Tonight will mark the start of a tirade of unsettled weather conditions hitting different parts of Britain intermittently over the next 10 days. The nation should prepare for imminent weather warnings, an independent forecaster has said, with the Met Office also predicting parts of Scotland could be battered by 70mph winds by this weekend. Nearly every part of the country should expect to see heavy rainfall and gusty winds, but some areas will come off worse. Jim Dale, senior meteorologist at British Weather Services, gave a rundown to Express.co.uk about what this means for the ever-changing January weather picture.
He echoed similar reports from the Met Office which indicates a blast of colder air from Scandinavia coming across to Britain this weekend. While it’s essentially colder air from the east – it’ll bring nothing like the Beast from the East’s chaos in 2018.
Instead it’s likely to bring more showers. When asked if the UK is facing an unsettled period in the coming days, he said: “Broadly yes, especially in the west and far north west – and it’s all care of the Atlantic conveyor belt. Some localised flooding can be expected.
“It’ll be from tonight but it’s a long piece of string so impacts will only gradually materialise over the next 10 days or so. Initially temperatures will dip into this weekend then rise again as next week unfolds.
“I think there will be warnings issued along the way, likely lower level unless a region takes more than they can handle again – thinking Dumfries and Galloway in Scotland, for example.”
The Met Office also alludes to a continuation of more unsettled weather throughout January, and potentially into the start of February. In its long range forecast, which starts on January 9 until February 2, it says: “Unsettled and relatively mild weather is most likely to characterise the beginning of this period, with showers or longer spells of rain likely for many areas.
“Windward coasts and hills, especially in the west, seeing the heaviest and most frequent showers, but also a chance of some heavy rain across southern areas for a time.
“Any snowfall probably confined to the highest hills in the north.
“Moving into mid-January a trend towards less unsettled weather is expected, with more drier interludes for most.
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Such drier spells would see an increase in overnight frosts and morning fog patches as well as scope for lower daytime temperatures.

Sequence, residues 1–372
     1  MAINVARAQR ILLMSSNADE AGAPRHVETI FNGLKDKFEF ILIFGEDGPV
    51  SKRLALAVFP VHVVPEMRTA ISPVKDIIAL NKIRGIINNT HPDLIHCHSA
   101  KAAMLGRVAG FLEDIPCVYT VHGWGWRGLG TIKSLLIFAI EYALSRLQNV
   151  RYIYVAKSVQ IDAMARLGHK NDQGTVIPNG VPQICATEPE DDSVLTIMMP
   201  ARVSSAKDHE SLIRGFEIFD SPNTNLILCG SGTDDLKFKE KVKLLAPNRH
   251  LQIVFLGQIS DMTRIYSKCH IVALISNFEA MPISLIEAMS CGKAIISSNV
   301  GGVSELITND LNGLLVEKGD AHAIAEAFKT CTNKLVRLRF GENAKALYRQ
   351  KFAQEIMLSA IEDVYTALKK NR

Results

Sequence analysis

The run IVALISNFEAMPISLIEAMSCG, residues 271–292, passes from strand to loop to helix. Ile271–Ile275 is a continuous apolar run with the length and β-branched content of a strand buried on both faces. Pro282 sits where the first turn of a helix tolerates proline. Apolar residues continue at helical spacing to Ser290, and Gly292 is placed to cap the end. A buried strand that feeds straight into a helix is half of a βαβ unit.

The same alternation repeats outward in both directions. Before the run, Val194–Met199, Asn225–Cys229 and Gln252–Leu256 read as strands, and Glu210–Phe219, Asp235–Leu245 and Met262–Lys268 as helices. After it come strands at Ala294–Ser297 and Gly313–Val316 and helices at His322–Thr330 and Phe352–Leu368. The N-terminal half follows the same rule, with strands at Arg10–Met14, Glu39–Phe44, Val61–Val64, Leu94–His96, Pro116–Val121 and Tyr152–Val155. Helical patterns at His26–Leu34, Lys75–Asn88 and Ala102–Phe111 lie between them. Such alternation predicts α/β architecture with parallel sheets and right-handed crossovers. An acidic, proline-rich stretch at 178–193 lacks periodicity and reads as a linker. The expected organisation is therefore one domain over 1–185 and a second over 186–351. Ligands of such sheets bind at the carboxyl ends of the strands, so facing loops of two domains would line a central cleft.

“Showers and longer spells of rain are still possible although mainly restricted to the north and northwest.”
It continues: “Mid-January is likely to bring less unsettled conditions, with more prolonged drier interludes for most areas increasing the incidence of overnight frost and morning fog and perhaps lower daytime temperatures too.
“Showers or longer spells of rain are possible, however mainly confined to the north and northwest. Towards the end of the period, a return to generally milder and unsettled conditions is the most likely outcome, with spells of wet and windy weather probable across all areas with only brief dry interludes.”
While colder weather may be set to peak and drop over the next few weeks, the Met Office has looked back at last year which has now officially been dubbed as the warmest on record.
It says: “After a notably warm start to the year in 2022, with New Year’s Day the warmest on record, the mild theme was replicated through much of the year with many more warmer than average days than cooler than average days. The annual mean temperature reached record breaking levels during the exceptional heatwave in July and despite a notable cold spell in December remained at record levels for the year overall.”
But looking ahead to the rest of 2023, head of the Met Office National Climate Information Centre, Dr Mark McCarthy, said: “Even with the influence of climate change we don’t expect every year to be the hottest on record from now on.
“Natural variability of the UK climate means there will always be some variation year to year, however looking at longer term trends it is easy to pick out the influence climate change is having over time.”